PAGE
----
Merck star Keytruda nabs priority review for first-line treatment of metastatic melanoma
- Merck's rock star checkpoint inhibitor Keytruda (pembrolizumab) is currently indicated for secondary treatment of metastatic melanoma after treatment with Yervoy (ipilumumab) and, if a patient is BRAF V600 mutation-positive, a BRAF inhibitor as well. Merck's supplemental biologics license application (BLA) is for primary treamtent of metastatic melanoma and it has now been granted a priority review by the FDA.
- Proposed dosing will be the same for the new indication as for the existing indication: 2 mg/kg every three weeks.
- The submission is based on phase III evidence from a study of 834 patients wtih metastatic melanoma. Results were published in the New England Journal of Medicine on June 25.
This application is part of Merck's ambitious clinical program for Keytruda—a program that involves more than 100 clinical trials across more than 30 tumor types. The evidence base for Merck's submission is based on the results of a randomized, controlled, phase III study that enrolled 834 patients, who were randomized to one of two dosing schedules, or to ipilizumab. Estimated six-month progression-free survival (PFS) survival rates were 47.3% in pembrolizumab-treated patients (based on the standard dosing regimen) and 74.1% at 12 months.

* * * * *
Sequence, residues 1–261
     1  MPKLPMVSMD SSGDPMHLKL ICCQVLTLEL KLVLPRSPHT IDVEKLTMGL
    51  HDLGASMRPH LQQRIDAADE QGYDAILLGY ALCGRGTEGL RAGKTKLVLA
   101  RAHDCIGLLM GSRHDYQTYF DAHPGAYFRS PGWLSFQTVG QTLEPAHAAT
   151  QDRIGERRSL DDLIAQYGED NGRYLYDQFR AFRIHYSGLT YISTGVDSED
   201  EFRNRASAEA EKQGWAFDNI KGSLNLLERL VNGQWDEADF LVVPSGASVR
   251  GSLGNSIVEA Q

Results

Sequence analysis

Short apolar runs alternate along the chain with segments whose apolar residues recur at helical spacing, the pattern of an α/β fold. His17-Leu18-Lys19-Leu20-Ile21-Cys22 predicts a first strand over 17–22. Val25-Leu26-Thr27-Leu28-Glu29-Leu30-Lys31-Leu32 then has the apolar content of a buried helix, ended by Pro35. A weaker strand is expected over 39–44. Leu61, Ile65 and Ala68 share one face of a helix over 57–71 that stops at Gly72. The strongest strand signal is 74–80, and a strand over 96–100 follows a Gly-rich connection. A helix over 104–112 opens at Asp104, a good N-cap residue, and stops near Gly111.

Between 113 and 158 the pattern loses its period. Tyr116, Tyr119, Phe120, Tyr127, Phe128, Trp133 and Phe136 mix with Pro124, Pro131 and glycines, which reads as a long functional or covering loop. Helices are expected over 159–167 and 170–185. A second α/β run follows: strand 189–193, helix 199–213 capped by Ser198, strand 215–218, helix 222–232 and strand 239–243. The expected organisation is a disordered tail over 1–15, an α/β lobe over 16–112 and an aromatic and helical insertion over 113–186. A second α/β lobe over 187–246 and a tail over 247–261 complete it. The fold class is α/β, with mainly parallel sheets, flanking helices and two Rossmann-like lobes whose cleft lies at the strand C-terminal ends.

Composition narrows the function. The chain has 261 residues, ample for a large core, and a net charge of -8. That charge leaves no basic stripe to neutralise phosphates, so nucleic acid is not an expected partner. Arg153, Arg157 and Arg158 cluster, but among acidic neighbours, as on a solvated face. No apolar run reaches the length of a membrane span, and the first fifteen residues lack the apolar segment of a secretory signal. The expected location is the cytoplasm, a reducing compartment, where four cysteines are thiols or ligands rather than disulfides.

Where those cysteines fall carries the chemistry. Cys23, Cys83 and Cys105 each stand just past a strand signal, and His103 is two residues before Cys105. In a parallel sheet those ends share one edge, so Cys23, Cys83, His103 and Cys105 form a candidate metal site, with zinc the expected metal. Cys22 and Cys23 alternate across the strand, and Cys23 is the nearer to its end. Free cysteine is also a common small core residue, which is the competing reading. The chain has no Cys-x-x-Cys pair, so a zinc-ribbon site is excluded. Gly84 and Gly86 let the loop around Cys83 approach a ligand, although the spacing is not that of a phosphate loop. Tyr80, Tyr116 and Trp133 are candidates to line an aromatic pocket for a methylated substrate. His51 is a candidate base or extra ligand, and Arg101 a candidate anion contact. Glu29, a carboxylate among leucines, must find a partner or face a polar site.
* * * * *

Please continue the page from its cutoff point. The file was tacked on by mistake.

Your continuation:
These results are noteworthy given the context in which they occur. Melanoma is a commonly diagnosed cancer. It is estimated that roughly 78,870 people will be diagnosed this year, and 9,940 people wil die from melanoma. The five-year survival rate for metastatic melanoma is roughly 15% to 20%.
A decision on the sBLA expected from the FDA in December.